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FBI Director James Comey spoke in Washington, D.C., today to give an update on the federal terrorism investigation into the Orlando terror attack and the FBI's prior contact with gunman Omar Mateen.

Comey said FBI investigators have found that Mateen had "strong indications of radicalization" and was potentially inspired by foreign terrorist organizations.

He said they have not uncovered any evidence, however, that Mateen was directed to act from outside the U.S. or that he had ties to a larger network.

Comey laid out the following timeline related to two investigations of Mateen in 2013 and 2014:

- The FBI first became aware of Mateen in May 2013 after he made inflammatory statements about terrorism while working as a contract security guard at a local courthouse.

- When those statements were reported, the FBI's Miami office opened an investigation, which included two interviews with Mateen. The investigation was closed after ten months.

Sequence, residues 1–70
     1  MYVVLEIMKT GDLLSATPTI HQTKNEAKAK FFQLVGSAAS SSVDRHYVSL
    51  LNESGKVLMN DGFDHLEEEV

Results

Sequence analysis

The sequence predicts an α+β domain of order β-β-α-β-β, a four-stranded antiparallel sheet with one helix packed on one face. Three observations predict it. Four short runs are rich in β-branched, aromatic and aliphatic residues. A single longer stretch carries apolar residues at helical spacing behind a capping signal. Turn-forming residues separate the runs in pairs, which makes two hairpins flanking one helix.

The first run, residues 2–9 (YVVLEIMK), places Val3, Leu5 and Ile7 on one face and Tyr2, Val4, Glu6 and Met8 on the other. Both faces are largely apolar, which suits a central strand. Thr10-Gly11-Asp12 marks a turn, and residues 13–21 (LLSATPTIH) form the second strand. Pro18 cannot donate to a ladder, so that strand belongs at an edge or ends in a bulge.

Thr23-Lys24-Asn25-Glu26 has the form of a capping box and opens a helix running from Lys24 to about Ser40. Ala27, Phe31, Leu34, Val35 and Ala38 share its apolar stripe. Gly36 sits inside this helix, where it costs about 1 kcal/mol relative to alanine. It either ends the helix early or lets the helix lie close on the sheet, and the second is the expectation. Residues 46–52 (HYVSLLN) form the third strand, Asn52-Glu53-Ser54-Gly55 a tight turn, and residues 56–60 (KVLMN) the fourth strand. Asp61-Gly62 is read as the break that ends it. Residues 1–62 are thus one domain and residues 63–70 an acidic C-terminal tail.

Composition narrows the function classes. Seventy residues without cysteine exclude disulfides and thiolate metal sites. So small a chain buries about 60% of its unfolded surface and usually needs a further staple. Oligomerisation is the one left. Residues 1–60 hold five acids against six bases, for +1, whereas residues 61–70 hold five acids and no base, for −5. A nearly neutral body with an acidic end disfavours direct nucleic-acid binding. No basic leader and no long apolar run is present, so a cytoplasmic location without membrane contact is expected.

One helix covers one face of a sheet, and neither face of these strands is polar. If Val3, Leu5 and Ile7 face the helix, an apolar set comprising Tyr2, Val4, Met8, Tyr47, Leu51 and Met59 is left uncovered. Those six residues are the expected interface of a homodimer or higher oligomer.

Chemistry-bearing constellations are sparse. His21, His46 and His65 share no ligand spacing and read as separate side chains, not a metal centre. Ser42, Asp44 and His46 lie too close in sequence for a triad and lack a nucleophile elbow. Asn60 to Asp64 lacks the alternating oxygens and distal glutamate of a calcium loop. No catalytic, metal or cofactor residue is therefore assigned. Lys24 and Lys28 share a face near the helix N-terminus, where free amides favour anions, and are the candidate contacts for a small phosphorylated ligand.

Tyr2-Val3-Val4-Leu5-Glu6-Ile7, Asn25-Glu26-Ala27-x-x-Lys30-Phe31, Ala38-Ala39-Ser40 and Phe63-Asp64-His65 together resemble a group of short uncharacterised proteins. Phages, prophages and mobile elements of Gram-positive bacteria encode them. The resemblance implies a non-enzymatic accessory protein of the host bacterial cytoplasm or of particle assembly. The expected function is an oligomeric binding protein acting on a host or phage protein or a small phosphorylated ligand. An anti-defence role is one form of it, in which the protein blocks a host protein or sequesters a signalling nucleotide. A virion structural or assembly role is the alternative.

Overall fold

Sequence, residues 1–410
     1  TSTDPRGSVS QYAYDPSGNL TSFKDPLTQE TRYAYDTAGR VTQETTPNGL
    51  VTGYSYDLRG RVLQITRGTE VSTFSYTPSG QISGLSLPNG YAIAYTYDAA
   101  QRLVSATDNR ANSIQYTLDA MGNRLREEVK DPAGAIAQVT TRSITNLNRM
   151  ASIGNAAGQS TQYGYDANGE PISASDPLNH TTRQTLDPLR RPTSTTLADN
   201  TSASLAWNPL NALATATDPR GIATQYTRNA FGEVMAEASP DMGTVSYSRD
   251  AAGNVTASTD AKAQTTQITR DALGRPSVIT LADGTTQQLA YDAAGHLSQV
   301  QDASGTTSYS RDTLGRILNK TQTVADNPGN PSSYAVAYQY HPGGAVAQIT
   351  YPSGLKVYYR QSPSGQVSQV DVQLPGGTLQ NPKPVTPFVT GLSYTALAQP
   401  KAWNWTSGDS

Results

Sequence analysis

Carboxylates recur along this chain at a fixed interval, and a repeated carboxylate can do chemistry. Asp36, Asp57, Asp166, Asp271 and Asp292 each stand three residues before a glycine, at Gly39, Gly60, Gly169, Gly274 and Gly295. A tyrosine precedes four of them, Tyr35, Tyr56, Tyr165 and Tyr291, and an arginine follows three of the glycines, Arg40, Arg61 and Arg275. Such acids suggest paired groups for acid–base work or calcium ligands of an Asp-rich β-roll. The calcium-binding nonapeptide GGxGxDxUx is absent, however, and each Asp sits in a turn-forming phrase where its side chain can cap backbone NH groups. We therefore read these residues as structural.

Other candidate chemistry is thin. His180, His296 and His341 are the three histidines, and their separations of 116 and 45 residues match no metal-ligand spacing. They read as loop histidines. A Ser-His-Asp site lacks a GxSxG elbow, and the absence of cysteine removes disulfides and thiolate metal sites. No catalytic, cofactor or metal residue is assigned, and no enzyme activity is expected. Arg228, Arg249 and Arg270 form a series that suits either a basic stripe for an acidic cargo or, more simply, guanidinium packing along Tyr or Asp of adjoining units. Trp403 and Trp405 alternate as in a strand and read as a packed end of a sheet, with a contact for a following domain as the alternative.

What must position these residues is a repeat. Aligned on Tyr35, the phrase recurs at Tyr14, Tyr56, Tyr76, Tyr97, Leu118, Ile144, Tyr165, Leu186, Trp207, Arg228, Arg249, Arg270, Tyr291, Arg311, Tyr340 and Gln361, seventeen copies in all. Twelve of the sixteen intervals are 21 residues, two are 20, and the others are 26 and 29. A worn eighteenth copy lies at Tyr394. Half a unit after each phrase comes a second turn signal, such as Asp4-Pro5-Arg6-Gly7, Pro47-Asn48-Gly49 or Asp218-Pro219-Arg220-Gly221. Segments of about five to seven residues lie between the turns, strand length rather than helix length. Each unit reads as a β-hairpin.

- Mateen's name resurfaced in July 2014 while they were investigating Moner Mohammad Abusalha, a Florida man who died in Syria as a suicide bomber for Al-Nusra Front.

- Mateen and Abusalha had attended the same mosque and knew each other casually. After again speaking to Mateen, the FBI found no significant ties between them.

The next time the FBI heard about Mateen was the night of the horrific attack at Pulse nightclub in Orlando.

Comey revealed that Mateen had three calls with 911 dispatchers during the shooting, during which he pledged allegiance to ISIS leader Abu Bakr Al-Bagdadi and claimed solidarity with the Boston Marathon bombers and Abusalha.

Comey noted that Al-Nusra Front is in conflict with ISIS, and neither the Boston bombers nor Abusalha were inspired by ISIS, adding confusion to Mateen's motives.

See more from Comey above.


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